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Pasteurized Milk, Part II: Find Health in Raw Milk (Opinion)

by: Paul Fassa

(NaturalNews) Part I of "Deadly Milk Issues" focused on the deadliness of pasteurized milk. Part II looks at the liveliness of raw organic milk, which is natural and very healthy if handled correctly. Despite this, the FDA and USDA protect the pasteurizing dairy cartel by harassing small raw milk dairies. It's the government's equal opportunity for bad health program.

Raw Milk Benefits

Raw milk provides an abundance of probiotic strains that are essential for good digestion, and the friendly flora supports more than half of your immune system. Phosphatase is necessary for calcium absorption into bone mass. Otherwise the calcium stays in your blood and creates cardiovascular problems while your bones get weaker even as you consume more calcium.

Lactase helps absorb nutrients. It is what the lactose intolerant lack. This is why lactose intolerant people often have no problem with raw milk. Lipase breaks down fats and improves your body's utilization of them. Amylase breaks down carbohydrates for proper digestion.

Lactoferrin protects against disease by defending against bacteria, viruses, parasites, and fungi. Catalase prolongs cell life with its antioxidant capacity. Raw milk contains many of the B vitamins, including B12, and vitamin D to assist calcium absorption. Pasteurization destroys most of those nutrients while rendering many proteins somewhat toxic.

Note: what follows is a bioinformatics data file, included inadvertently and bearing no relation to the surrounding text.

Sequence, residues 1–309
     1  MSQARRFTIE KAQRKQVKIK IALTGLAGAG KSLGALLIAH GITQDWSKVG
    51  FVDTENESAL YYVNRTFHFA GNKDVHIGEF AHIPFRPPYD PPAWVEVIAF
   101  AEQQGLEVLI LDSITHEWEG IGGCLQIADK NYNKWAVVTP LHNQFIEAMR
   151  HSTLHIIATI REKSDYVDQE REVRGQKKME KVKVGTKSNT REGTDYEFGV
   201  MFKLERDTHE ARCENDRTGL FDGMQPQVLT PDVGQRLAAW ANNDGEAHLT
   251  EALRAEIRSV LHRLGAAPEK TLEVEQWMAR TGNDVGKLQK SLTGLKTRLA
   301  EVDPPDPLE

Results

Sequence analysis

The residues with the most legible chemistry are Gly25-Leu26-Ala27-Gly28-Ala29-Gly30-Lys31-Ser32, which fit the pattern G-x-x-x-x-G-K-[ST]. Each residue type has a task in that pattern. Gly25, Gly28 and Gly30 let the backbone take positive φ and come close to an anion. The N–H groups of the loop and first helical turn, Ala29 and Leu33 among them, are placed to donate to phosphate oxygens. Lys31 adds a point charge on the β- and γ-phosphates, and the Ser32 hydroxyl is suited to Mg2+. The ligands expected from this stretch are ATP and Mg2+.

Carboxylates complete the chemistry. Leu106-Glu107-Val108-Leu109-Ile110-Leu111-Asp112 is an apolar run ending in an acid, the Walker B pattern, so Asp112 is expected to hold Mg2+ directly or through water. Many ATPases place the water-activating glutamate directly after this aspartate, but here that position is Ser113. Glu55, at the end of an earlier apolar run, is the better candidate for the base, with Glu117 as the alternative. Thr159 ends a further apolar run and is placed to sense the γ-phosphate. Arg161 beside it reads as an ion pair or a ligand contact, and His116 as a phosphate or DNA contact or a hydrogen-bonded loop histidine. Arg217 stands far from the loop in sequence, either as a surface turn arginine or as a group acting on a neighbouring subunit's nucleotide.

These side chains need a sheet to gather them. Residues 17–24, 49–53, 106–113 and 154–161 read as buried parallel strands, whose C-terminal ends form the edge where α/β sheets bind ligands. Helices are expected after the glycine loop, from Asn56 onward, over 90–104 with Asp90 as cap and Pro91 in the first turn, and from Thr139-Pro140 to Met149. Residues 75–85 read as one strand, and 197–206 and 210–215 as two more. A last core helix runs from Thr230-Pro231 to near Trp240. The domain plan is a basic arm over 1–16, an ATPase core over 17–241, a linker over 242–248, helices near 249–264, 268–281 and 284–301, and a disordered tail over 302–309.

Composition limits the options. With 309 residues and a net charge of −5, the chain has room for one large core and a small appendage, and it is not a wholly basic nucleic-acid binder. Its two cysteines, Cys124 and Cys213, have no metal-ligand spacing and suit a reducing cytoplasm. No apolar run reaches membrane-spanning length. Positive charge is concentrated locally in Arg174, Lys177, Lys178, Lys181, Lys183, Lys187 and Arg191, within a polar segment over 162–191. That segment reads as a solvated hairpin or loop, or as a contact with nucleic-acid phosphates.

A Caveat

There is one thing to be aware of, which affects a few people adversely. Most of the milking cows in the USA are A1 hybrids, typically Holsteins, from earlier A2 cows such as Jerseys, Asian and African cows.

There are three elements to milk: Fats, whey, and milk solids. A mutated amino acid in the milk solids of A1 cows can cause minor problems for people with poor digestion, or serious problems with those who are neurologically impaired. If either situation is an issue, goat or sheep organic raw milk is without that mutated amino acid.

Choosing Raw Milk

Raw milk is so good for most that the hassles for getting it are worth the effort. Even some who are lactose intolerant benefit. First you need to get familiar with the local restrictions and the ways diaries in your area get around them.

Buy from dairy farmers who milk their cows for raw milk consumption only. Some dairies will sell their milk to consumers before pasteurization, but the contamination mentioned in Part I of this article is there abundantly because the farmer is counting on pasteurization to take it out. Bad stuff!

Determine that your raw milk farmer's cows graze freely on grass or alfalfa that hasn't been chemically treated and that the cows are not given antibiotics or steroids. The farmer should refrigerate the milk immediately after milking. Make sure the dairy tests the milk for contamination.

The raw milk you buy may turn a bit sour or curd some before you finish a bottle. You may not like the taste, but it's still not spoiled. Pasteurized milk spoils.

The first link below in the sources section will give you access to a state by state list of different raw milk sources and each state's legal arrangement for raw milk. Dedicated dairy farmers in heavily restricted states create cow or dairy sharing associations, where you "own" a share of the cow or farm. So you're not buying the milk if you own a share.

Give raw milk a trial. Your participation as a raw milk consumer and raw milk health advocate is important if there will ever be a chance to push back some of the pasteurized milk enforcement that harms more than helps. Got real milk?

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